Throughout October, members of the DFD Clown Brigade travel to local schools and employ catch phrases, novice acting and humor to educate youngsters as they have done for six of the last seven years (with the exception of last year when the department moved to its new Fire Hall).
“The kids don’t realize it, but they are learning,” said Captain Nate Mara, a pirate in this year’s show. “They just think they’re laughing and having a great time.”
Firefighters select topics relevant to their audiences, as recommended by the National Fire Protection Association.
This year’s pirate-themed show highlights several safety topics including how to call 911 from a cell phone, providing the “who, what and where” and reminding them to stay on the line; exit drillls – having two ways out of every room in the house; the “get out and stay out” notion; and the importance of establishing meeting places, whether it’s a tree, mailbox or neighbor’s house.
Characters in this year’s show also address the issue of bullying.
“We pick topics that identify with the kids,” Mara said. “Not a whole lot of people have a home phone, but every kid is around an iPhone or some kind of cell phone. It’s important to teach them to press the green button to make the call.”
Firefighters begin preparing for the following fall’s show in February with a trip to Lauglin, Nev., to a “clown school.”
“It sounds silly, but we go out there and network and watch other people do their show and communicate with other life safety clowns,” Mara said. “The people that are going to participate as stage clowns get to go and come back with a plan for themes and topics. And it goes from there.”
The brigade starts writing the script in August, completing it by the end of the month.
Although this year’s show only casts three pirates and a puppet, its production is a department-wide ordeal.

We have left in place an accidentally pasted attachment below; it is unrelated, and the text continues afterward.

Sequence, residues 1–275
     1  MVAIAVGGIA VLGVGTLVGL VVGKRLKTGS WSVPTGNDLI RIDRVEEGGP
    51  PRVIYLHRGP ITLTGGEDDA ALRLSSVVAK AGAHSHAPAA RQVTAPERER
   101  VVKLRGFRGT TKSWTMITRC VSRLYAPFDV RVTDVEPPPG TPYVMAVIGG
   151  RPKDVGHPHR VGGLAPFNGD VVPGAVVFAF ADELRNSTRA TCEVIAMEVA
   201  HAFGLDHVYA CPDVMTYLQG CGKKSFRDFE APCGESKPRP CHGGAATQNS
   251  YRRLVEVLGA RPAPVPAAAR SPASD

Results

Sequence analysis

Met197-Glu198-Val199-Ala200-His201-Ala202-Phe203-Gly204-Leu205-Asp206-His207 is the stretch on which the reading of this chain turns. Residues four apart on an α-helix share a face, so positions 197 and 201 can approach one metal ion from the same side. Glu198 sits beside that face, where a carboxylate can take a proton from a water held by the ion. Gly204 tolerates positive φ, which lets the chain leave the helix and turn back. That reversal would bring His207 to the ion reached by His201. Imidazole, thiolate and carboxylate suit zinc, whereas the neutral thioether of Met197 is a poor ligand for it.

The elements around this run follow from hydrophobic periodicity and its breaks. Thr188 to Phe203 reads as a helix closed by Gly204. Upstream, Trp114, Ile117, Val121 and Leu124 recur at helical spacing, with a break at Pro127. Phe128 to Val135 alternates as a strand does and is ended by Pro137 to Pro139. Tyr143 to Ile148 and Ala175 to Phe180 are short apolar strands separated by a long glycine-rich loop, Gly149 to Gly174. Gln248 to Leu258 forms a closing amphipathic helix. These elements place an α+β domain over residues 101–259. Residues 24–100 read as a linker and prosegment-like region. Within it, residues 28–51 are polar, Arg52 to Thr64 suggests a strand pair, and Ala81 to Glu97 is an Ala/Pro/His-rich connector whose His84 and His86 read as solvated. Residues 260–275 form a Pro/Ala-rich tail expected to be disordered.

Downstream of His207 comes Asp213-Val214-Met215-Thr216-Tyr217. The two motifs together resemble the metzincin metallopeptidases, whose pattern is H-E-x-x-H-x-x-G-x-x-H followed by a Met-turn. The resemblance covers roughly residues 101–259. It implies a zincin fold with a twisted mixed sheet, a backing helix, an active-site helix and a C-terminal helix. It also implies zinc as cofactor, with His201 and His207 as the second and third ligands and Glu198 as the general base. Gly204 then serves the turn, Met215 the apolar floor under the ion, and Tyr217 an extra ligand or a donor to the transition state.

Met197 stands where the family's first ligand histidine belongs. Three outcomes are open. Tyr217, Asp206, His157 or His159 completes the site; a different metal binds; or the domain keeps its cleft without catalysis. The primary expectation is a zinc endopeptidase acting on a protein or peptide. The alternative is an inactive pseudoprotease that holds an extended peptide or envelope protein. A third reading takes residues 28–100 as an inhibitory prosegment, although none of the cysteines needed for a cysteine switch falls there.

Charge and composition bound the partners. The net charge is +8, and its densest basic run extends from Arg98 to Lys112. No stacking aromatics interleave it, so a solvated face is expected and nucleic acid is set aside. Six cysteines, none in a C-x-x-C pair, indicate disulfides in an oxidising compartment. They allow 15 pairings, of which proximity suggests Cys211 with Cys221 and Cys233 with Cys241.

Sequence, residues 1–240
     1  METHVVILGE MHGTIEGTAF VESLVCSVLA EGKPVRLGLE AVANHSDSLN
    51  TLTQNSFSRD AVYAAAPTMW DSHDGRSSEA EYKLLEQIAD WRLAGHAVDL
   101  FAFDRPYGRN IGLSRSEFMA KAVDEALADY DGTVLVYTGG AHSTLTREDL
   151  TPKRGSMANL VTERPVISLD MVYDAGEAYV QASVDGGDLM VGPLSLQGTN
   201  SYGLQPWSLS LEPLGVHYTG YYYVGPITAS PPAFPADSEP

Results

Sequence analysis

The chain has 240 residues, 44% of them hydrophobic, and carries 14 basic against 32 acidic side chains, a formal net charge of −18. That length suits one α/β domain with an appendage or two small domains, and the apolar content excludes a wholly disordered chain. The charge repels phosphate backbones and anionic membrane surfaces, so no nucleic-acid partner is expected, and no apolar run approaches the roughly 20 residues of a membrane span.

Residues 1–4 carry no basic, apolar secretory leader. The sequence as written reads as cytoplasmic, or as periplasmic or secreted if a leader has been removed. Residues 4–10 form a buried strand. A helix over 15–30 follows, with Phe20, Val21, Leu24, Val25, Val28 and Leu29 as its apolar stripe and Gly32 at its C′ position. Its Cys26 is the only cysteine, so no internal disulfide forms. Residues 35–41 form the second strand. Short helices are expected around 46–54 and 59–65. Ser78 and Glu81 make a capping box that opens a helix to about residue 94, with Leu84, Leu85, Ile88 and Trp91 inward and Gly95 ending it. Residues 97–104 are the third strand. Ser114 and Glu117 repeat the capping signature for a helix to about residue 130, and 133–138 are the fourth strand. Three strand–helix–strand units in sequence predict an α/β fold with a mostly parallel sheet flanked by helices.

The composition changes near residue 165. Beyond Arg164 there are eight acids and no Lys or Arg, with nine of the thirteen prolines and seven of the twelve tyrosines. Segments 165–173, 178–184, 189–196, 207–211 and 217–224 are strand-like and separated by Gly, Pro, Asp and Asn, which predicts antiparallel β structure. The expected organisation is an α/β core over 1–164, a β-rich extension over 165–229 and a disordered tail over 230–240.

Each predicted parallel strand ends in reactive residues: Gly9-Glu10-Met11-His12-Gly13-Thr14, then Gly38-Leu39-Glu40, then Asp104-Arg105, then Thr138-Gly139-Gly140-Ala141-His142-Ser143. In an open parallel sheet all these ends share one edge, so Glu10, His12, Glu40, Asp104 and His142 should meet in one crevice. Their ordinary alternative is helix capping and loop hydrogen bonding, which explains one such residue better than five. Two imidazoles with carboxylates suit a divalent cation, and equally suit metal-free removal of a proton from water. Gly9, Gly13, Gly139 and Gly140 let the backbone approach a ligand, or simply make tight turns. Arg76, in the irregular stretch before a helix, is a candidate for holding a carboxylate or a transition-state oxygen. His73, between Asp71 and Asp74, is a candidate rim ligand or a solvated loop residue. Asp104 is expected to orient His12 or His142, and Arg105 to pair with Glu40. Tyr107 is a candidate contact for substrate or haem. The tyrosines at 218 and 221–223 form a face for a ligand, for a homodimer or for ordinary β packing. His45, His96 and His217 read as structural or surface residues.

“Everybody at the department, in some way, shape or form, has helped,” Mara said. “They have either helped us load the trailer or make a costume, or maybe they helped with the wiring or building of the set. Even spouses, boyfriends/girlfriends come out and fling a paintbrush.”
Rehearsals begin in September, two to three nights a week, and the brigade gets one final tuneup with a “family day” performance the weekend before taking the program to local schools.
“The family show helps us get the kinks worked out,” Mara said. “Our families are the most critical. They’ll tell us if the jokes are funny, if we need to add or remove something. But everybody is so busy these days, this gives us an opportunity to get together on a Sunday afternoon and have a little bit of fellowship.”
In addition to the three schools in its district, the Decatur Fire Department Clown Brigade extends an offer to perform as an aid to the safety programs of other departments.
“We do it as a partnership with that department,” Mara said. “We’re all in it for the kids.
“It’s very rewarding,” he continued. “The fact that there might be a kid that knows us by our clown name and who recite some of the lines we use in our show, to know you’re even a little bit of effective – that’s why we do it.”
- Oct. 9 Rann Elementary – 2:15 p.m
- Oct. 10 Carson Elementary – 7:45 a.m.
- Oct. 11 Young Elementary – 2 p.m.
- Oct. 16 Paradise Elementary – 9 a.m.